There are five primary magnets that draw illegals into our country. They are jobs, education, welfare services, the anchor baby loophole, and the privilege of Spanish as a public language. No wall or fence will ever stop the migration of Mexico into America. Only by removing the five magnets can we stem this invasion. Talk of “securing the border” without removing the magnets is for deceivers and humbugs. No problem can be solved without going to the root causes of the problem. The roots of illegal immigration are the five magnets. To eliminate them we must do the following:

Enact E-verify and enforce the criminal laws on the books regarding the hiring of illegals.
Mandate English as the official language for America in her public schools. Eliminate schooling and welfare benefits to illegals. Begin the process to end the anchor baby loophole of the 14th Amendment.

4) Should marriage be decided in the courts or by the culture?

Gays and lesbians are humans with the same rights as heterosexuals, and they deserve to be treated with the same respect and civility that one conveys to all other human beings. But they do not have the right to mandate their acceptance through the courts. Whatever acceptance in society they are to gain must come voluntarily through reason and persuasion.

Obviously gays and lesbians have a right to equality under the law, but this means only that they have the same right as all other citizens in society to form a “contractual union” and have it upheld by the law. It does not mean they have the right to coerce their fellowman by judicial decree into accepting such a union as a “marriage.” Marriage has, for thousands of years and for very sound reasons, been legally defined as between opposite sexes. Judges do not have the right to change this; only the people do. The determination of what constitutes marriage must be returned to the states and handled by a vote of the people.

5) Our police-the-world foreign policy.

In the Founding Fathers’ eyes the role of foreign policy was not to solve other nation’s problems, nor to dictate their forms of government. It was to defend our country’s security and survival. Our actions and alliances abroad were to be centered only around self-defense.

Is today’s aggressive foreign policy concerned only with self-defense? Or is it a policy driven by the egregious goals of corporate-government-banking combines? Is it America First? Or is it world hegemony dominated? Unfortunately it is the latter due to the neoconservatives rise to power over the past 30 years. It is their Wolfowitz Doctrine that guides Washington today. This doctrine maintains that America has an obligation to establish hegemony over all other nations via force in order to provide for a stable world because we are the only reigning superpower.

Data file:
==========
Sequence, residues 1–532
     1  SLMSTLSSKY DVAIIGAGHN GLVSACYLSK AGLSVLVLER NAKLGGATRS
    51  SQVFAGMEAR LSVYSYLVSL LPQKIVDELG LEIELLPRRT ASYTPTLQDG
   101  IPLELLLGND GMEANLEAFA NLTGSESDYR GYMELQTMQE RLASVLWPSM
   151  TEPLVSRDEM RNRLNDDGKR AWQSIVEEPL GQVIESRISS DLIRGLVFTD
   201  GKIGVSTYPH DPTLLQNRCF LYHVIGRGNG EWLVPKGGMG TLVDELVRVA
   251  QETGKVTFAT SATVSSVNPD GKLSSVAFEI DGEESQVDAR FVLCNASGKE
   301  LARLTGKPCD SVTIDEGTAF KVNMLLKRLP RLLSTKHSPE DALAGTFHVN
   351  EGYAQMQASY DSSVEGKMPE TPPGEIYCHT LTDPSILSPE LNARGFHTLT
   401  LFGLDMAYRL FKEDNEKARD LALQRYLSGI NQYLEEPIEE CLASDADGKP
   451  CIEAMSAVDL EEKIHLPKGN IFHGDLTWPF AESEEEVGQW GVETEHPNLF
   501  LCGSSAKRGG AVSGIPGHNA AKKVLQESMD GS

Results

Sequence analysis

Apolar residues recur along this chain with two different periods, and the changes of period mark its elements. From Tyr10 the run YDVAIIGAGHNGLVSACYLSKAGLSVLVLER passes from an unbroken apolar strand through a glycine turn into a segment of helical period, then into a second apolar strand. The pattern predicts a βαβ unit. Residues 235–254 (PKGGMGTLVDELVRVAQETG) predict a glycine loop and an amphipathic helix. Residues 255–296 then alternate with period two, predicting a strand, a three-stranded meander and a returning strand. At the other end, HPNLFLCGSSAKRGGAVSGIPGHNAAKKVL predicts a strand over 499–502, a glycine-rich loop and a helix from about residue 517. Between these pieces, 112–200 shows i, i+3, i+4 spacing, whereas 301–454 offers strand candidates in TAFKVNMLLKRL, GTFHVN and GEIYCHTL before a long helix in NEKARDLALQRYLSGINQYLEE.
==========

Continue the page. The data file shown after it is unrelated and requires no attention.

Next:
The question we must ask is: How can Washington justify the “spreading of democracy” through endless war and killer drones and think it is somehow pursuing justice? No nation has the right to dominate their neighbors because their technological superiority has made them the sole superpower. Such a foreign policy is imperialistic; it will bring America nothing but oppressive debt, international hatred, and quite possibly nuclear confrontation.

A Substantive Debate Needed

The above five issues are of vast importance. The survival of our country and our culture are at stake. Why were not clear cut questions asked of the candidates about federalism and states rights, about the role of the Fed in booms and busts, about immigration magnets, about the courts usurpation of the people’s right to define marriage, about self-defense vs. world hegemony? Because today’s media are not interested in substance and freedom, that’s why. They’re all about dog and pony shows and the further expansion of statism.



Nelson HultbergNelson Hultberg is a freelance writer in Dallas, Texas and the Director of Americans for a Free Republic A graduate of Beloit College in Wisconsin, his articles have appeared in such publications as The American Conservative, Insight, Liberty, The Freeman, The Social Critic, The Dallas Morning News, and the San Antonio Express-News, as well as on numerous Internet sites.

He is the author of The Golden Mean: Libertarian Politics, Conservative Values

Email: NelsonHultberg (at)